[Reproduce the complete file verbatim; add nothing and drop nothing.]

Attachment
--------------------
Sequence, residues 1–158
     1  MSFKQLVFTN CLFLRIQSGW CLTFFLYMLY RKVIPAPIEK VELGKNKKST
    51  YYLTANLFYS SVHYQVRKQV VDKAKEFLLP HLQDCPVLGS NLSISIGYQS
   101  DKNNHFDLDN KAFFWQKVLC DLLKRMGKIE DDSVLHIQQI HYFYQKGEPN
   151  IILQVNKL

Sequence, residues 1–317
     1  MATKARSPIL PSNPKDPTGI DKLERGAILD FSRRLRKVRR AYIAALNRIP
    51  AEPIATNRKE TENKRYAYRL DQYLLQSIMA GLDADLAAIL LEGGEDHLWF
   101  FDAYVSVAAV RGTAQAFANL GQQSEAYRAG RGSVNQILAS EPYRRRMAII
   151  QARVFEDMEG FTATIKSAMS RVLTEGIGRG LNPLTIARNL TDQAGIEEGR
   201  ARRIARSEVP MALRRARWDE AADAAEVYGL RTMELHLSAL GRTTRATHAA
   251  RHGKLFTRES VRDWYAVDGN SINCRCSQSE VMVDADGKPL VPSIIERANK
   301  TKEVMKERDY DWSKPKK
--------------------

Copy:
Sequence, residues 1–158
     1  MSFKQLVFTN CLFLRIQSGW CLTFFLYMLY RKVIPAPIEK VELGKNKKST
    51  YYLTANLFYS SVHYQVRKQV VDKAKEFLLP HLQDCPVLGS NLSISIGYQS
   101  DKNNHFDLDN KAFFWQKVLC DLLKRMGKIE DDSVLHIQQI HYFYQKGEPN
   151  IILQVNKL

Sequence, residues 1–317
     1  MATKARSPIL PSNPKDPTGI DKLERGAILD FSRRLRKVRR AYIAALNRIP
    51  AEPIATNRKE TENKRYAYRL DQYLLQSIMA GLDADLAAIL LEGGEDHLWF
   101  FDAYVSVAAV RGTAQAFANL GQQSEAYRAG RGSVNQILAS EPYRRRMAII
   151  QARVFEDMEG FTATIKSAMS RVLTEGIGRG LNPLTIARNL TDQAGIEEGR
   201  ARRIARSEVP MALRRARWDE AADAAEVYGL RTMELHLSAL GRTTRATHAA
   251  RHGKLFTRES VRDWYAVDGN SINCRCSQSE VMVDADGKPL VPSIIERANK
   301  TKEVMKERDY DWSKPKK